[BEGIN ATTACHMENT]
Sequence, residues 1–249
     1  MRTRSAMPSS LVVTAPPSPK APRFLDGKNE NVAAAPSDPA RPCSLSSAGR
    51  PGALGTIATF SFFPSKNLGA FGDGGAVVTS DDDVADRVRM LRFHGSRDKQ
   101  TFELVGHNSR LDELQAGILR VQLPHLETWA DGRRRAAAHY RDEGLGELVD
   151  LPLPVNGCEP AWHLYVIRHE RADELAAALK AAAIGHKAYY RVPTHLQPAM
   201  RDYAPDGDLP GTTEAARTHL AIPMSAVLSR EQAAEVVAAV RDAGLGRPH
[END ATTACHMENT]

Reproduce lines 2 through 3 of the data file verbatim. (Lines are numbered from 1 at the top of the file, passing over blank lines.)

     1  MRTRSAMPSS LVVTAPPSPK APRFLDGKNE NVAAAPSDPA RPCSLSSAGR
    51  PGALGTIATF SFFPSKNLGA FGDGGAVVTS DDDVADRVRM LRFHGSRDKQ